• This weekend I tried to do a bit of work on labeling jars. I've tried many techniques and still I'm not pleased. The best was when I photocopied onto a piece of tissue paper but aside from jamming my printer the best copies were always slightly blurry and less vivid. I decided to try the old method used for signs on buildings and sand the backs of the labels until they are almost see through.rsz_img_4565
    rsz_img_4566
    Then I cut them out with a new blade. If you remember I primed the bottles and cans with white as these thin labels will pick up the colour underneath.rsz_img_4579
    Now some very careful painting and some chalk weatheringIMG_4583
    I feel like I'm getting really close here.
  • Joel,

    Another great experiment executed with some fine results. Interesting how the red on the selected details in the second photo didn't bleed through the thinned paper more noticeably.

    Are you using Titebond III (waterproof glue) or a similar product to fasten the labels to the details? Surprising that the thinned labels don't pucker when wet with the adhesive.

    Later, Dave S. Tucson, AZ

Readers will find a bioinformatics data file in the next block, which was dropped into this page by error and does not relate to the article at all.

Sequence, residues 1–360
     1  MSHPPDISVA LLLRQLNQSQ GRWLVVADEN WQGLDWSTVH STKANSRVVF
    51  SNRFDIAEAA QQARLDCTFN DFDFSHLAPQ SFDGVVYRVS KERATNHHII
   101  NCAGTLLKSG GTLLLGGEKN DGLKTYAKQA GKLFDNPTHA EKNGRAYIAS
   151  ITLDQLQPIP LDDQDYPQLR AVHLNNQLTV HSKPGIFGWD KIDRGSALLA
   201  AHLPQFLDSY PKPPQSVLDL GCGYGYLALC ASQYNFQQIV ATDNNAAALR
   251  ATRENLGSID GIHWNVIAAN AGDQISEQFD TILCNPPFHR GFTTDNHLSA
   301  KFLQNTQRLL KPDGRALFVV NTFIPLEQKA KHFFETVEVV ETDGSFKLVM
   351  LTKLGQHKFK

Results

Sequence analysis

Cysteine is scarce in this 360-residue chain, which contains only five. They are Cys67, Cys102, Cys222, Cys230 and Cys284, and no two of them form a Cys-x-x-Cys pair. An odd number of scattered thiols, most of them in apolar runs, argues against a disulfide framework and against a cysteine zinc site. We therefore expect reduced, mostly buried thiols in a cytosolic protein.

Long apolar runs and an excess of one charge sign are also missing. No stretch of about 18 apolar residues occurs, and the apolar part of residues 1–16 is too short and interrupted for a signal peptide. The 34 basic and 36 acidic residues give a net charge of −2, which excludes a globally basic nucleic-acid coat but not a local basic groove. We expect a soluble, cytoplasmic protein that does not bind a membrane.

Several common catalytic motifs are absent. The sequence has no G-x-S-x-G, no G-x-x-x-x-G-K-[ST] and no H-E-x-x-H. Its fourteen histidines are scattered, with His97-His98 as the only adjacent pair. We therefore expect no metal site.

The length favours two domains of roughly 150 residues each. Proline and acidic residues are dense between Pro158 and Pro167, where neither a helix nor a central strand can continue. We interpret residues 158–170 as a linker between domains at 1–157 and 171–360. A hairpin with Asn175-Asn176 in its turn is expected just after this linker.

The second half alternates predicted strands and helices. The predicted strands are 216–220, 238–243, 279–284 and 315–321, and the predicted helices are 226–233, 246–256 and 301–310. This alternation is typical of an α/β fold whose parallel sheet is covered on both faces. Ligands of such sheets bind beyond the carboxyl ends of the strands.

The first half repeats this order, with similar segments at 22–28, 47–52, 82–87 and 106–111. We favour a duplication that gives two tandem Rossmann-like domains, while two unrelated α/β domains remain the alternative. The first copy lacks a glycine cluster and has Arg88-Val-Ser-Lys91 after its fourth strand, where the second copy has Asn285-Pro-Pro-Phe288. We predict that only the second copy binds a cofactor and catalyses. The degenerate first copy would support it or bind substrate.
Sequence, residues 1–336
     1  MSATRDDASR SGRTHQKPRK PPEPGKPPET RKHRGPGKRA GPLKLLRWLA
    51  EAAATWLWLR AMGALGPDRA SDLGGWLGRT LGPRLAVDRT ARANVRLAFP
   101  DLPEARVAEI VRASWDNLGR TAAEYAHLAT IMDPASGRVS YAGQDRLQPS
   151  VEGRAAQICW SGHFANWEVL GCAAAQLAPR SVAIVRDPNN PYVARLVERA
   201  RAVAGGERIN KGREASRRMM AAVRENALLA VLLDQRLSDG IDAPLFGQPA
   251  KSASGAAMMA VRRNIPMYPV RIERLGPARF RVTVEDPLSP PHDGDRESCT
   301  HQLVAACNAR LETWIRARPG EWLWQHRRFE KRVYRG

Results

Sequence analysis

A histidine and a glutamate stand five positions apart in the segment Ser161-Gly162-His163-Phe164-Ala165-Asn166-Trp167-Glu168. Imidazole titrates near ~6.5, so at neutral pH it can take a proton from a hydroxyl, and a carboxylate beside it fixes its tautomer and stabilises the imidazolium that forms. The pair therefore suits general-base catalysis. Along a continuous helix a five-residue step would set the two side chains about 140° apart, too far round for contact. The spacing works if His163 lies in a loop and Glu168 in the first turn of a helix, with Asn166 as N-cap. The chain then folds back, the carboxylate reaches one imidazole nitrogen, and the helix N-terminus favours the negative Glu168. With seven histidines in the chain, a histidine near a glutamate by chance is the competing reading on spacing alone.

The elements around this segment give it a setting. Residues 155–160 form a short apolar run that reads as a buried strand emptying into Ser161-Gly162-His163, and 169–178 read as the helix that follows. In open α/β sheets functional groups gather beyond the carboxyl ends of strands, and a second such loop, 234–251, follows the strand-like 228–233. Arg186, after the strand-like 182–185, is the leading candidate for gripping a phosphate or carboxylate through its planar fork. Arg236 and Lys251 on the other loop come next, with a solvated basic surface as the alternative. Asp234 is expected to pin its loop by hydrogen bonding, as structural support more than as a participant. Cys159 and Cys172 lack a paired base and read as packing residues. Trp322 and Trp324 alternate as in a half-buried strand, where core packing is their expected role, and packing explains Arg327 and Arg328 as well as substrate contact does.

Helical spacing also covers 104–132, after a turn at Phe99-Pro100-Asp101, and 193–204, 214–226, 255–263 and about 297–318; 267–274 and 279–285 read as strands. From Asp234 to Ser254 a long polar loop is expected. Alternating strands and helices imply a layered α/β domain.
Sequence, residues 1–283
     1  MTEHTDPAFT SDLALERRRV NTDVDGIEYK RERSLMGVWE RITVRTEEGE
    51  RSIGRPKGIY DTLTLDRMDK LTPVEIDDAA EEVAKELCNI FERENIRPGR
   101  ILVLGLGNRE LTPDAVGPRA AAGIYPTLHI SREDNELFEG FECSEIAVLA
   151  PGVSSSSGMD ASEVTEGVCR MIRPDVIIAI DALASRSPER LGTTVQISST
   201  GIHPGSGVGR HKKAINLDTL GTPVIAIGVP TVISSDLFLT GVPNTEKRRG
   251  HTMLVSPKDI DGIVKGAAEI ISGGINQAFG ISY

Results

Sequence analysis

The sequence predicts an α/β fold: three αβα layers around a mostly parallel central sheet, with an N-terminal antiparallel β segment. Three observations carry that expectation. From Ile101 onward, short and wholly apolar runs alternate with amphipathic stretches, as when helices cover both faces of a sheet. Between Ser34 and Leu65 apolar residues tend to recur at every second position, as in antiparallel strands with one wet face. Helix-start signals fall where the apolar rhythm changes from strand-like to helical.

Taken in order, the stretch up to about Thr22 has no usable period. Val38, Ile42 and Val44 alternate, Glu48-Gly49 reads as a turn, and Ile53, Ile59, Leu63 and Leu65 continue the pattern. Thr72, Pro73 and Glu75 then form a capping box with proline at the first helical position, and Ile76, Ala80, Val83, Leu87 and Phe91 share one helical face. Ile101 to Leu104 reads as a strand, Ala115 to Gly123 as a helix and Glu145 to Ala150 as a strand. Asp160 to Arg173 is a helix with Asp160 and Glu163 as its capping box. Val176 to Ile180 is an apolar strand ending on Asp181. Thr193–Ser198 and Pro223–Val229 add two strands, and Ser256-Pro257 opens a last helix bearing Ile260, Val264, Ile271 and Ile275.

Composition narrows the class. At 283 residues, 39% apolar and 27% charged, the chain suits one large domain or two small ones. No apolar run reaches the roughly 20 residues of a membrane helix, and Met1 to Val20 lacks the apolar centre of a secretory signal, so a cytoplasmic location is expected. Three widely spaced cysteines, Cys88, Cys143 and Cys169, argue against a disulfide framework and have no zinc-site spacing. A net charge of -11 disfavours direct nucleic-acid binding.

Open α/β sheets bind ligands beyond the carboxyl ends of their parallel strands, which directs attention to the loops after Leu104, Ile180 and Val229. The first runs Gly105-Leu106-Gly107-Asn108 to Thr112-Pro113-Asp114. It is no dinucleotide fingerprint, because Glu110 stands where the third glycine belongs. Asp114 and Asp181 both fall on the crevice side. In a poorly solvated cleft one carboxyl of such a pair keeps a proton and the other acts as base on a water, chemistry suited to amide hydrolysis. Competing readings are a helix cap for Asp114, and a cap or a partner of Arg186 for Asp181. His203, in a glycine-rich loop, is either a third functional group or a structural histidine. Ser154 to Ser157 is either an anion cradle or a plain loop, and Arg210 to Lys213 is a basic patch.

• Kevin,
    The labels turned out really great. The thickness of the paper doesn't show. Great experiment.
  • Dave, the details are the same ones in both photos. I carefully painted around each label in red so the labels are still on white backrounds. I actually just dipped the label in matte varnish ( water based) and they clung to the casting beautifully. I had to reposition one so I put a drop of water on the label and carefully straightened it. Sort of like working with waterslide decals. This is not an simple solution and there is a risk of wrecking the label sheet when sanding or of painting over parts of the label and destroying it trying to get the paint off.
    For a foreground site though I think this extra work is worth it. Personal taste.
  • The extra work pays off for sure !!
  • Joel,

    Thanks for that explanation of how you did the labels on the cast detail items painted red. Very effective method in the hands of an experienced modeler.

    http://www.craftsmankituniversity.com/vanforum/uploads/imageupload/219/X6EYGDBQWN6C.jpg

    Later, Dave S. Tucson, AZ
  • Well done, and explained. Thank you for the lesson.
    ed
  • Hi Joel

    Apologies for the late arrival to the party. Wow what a party it is.

    Some wonderful tips being picked up as I read through your build. Look forward to lots more.
  • I think you're on the right track Joel. Looks great despite the very close scrutiny...will look fabulous at scale.
  • Welcome Wes, Thanks Ed, Ken, Dave and Robert.
    Here's my mock of the first interior wall. Still some work to do and some clutter to add but it's getting there. rsz_img_4592
  • jeez....so many how'd you do that questions come to mind......
  • Nice composition and beautifully executed. Bravo !!
  • Excellent! Is that a label on the beer bottle and oil bottle? Not much you could do to make this any better but a rag in the Valvoline box draped over the corner might look right at home.